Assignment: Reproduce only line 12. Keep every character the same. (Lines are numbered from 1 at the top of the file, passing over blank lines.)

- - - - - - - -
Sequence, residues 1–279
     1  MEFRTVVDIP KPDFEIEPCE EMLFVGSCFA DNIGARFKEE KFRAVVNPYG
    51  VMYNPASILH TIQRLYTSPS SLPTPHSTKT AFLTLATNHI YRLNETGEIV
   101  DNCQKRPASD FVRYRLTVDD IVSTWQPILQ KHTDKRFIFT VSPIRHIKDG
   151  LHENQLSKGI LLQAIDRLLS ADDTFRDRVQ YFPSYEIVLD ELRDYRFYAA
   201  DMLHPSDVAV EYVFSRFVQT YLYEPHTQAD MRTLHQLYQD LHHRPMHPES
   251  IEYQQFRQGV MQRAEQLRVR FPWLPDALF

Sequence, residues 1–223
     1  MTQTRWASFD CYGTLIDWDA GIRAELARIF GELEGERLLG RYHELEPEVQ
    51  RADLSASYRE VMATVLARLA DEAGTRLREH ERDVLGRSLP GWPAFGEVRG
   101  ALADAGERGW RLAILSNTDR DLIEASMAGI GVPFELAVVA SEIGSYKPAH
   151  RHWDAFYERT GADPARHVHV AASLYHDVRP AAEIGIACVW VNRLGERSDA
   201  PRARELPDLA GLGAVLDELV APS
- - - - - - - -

   151  RHWDAFYERT GADPARHVHV AASLYHDVRP AAEIGIACVW VNRLGERSDA